Now is President Obama’s opportunity to show he means it, that his actions match his words, and that he’ll keep his promises to future generations. The only way he can do this is by listening to the facts and rejecting Keystone XL.
Together, we can win this. Thank you for protecting our climate,
Sierra Club Executive Director
FOR IMMEDIATE RELEASE:
January 28, 2014
Contact: Maggie Kao, 202-675-2384 or firstname.lastname@example.org
Sierra Club Statement on State of the Union
Washington, D.C. — Tonight President Obama gave his 2014 State of the Union address.
Michael Brune, Sierra Club Executive Director, issued the following statement in response:
“Tonight, President Obama laid out his vision of opportunity for our nation and made it clear that our children will hold us accountable for what we do — or do not do — to address climate disruption.
“The President has taken significant steps forward by committing to hold dirty power plants accountable for their toxic carbon pollution and to protect our public lands. We’re also encouraged to hear his plans to help repair and modernize America’s infrastructure.
“Unfortunately, the sum total of the President’s commitments fall short of what American families need to ensure a safe, healthy planet for our children. We can’t drill or frack our way out of this problem. There is far more potential for good job creation in clean energy like solar and wind, and common sense solutions like energy efficiency.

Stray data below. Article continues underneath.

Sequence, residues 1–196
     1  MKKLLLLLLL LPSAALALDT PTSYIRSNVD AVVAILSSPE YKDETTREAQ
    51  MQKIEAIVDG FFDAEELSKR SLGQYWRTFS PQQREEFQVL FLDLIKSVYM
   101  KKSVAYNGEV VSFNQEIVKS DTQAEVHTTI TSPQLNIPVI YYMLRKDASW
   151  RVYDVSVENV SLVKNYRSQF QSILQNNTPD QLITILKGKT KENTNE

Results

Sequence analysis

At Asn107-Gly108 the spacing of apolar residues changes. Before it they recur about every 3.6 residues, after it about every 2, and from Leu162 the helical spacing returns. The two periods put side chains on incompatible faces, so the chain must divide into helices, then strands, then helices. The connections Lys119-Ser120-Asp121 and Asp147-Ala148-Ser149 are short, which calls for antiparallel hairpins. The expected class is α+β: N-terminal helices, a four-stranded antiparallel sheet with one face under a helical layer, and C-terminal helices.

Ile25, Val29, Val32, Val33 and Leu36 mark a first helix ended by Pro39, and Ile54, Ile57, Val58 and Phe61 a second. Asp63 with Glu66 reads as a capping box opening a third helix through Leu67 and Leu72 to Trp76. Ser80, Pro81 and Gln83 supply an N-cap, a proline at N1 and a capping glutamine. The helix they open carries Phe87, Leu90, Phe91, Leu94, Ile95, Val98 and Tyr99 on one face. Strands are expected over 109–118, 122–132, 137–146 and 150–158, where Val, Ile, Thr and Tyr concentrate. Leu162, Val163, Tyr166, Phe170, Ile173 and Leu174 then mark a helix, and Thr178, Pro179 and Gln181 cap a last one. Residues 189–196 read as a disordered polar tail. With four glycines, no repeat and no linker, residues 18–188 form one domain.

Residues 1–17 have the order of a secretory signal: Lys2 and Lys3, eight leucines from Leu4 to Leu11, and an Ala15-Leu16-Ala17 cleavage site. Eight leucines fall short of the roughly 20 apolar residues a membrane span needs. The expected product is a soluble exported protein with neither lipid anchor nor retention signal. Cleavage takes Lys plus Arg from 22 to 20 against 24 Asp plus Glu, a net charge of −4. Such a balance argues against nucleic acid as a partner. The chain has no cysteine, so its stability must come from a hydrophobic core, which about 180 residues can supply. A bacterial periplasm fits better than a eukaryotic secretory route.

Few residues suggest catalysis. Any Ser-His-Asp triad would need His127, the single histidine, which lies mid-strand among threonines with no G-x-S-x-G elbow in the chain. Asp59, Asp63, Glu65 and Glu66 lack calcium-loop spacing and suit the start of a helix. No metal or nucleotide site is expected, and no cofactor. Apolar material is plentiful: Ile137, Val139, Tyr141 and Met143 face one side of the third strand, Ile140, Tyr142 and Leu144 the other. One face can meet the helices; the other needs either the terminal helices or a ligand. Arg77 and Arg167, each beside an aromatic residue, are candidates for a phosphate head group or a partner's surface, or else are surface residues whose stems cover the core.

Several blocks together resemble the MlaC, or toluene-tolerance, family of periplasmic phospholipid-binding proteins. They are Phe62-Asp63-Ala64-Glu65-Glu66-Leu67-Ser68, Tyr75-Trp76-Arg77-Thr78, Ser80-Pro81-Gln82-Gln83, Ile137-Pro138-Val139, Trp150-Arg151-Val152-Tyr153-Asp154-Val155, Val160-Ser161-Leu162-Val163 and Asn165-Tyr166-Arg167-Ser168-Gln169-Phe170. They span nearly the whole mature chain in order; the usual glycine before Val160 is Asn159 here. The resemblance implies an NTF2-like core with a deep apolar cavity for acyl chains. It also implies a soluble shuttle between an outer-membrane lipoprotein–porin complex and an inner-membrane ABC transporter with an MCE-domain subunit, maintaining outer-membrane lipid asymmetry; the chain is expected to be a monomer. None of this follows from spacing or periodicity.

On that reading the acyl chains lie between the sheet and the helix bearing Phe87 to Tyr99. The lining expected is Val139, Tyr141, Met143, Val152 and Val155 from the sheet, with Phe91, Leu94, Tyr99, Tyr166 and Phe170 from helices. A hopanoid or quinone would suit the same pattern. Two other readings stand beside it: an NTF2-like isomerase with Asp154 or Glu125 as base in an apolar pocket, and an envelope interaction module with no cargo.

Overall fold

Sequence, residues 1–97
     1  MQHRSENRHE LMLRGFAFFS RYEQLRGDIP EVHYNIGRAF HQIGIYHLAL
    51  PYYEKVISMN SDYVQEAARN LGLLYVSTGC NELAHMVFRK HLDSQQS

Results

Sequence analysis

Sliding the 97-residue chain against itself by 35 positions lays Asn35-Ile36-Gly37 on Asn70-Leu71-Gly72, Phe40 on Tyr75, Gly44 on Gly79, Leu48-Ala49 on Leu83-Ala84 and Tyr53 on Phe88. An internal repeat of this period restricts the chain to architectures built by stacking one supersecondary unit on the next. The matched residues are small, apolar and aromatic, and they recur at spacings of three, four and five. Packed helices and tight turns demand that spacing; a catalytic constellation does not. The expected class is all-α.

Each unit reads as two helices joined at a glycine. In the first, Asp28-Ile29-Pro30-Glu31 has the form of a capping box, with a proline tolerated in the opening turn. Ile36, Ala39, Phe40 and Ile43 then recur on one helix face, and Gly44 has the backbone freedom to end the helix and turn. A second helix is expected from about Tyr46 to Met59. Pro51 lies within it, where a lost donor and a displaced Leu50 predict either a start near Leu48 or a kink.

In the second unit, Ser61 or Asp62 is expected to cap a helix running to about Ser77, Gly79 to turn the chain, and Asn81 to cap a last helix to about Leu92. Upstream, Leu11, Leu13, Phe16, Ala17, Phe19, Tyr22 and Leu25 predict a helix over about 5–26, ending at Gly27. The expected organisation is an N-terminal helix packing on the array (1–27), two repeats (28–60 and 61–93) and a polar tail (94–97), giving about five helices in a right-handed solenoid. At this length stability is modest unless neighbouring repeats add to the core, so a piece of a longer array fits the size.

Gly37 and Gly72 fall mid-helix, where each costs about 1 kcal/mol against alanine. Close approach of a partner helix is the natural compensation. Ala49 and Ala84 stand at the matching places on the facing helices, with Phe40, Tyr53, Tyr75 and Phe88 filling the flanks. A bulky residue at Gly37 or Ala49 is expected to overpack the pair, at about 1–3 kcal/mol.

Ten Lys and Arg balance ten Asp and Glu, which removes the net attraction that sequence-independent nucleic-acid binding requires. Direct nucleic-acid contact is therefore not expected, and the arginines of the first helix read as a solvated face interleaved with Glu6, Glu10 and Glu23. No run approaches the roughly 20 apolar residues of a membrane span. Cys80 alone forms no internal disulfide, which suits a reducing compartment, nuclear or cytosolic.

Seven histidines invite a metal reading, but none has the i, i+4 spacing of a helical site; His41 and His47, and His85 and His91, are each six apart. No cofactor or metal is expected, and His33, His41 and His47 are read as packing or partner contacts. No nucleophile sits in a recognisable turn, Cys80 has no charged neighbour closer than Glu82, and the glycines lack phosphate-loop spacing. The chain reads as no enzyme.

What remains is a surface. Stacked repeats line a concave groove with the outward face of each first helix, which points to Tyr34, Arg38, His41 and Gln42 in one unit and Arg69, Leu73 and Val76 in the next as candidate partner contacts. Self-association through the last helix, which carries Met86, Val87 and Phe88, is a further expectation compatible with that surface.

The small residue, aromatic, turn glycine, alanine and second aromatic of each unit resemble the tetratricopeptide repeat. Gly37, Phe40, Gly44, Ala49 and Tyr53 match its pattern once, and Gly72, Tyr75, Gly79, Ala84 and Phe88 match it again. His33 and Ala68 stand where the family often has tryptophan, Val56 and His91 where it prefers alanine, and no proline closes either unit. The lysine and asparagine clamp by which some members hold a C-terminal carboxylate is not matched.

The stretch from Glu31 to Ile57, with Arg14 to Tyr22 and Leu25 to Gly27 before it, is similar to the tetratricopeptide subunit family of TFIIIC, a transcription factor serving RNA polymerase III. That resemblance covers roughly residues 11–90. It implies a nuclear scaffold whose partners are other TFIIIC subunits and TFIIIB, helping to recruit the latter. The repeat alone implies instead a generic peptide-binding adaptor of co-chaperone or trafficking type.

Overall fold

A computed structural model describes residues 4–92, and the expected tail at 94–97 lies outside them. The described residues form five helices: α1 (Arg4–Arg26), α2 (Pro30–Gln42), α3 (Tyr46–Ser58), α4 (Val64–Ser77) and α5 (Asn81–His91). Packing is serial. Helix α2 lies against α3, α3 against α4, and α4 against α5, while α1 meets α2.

“Make no mistake — natural gas is a bridge to nowhere. If we are truly serious about fighting the climate crisis, we must look beyond an ‘all of the above’ energy policy and replace dirty fuels with clean energy. We can’t effectively act on climate and \expand drilling and fracking for oil and gas at the same time.
“To fight the climate crisis, we must resist the temptation to trade away American jobs and public interest policies to foreign corporations. We must walk away from boondoggles like fracked gas. And we must seize on the opportunity and the obligation that the climate crisis has thrust upon us.”
|The State of Our Union:
Ready to leave fossil fuels behind.
If you tuned in to watch the State of the Union address tonight, you heard President Obama send a strong message on the need for urgent and bold climate action when he said: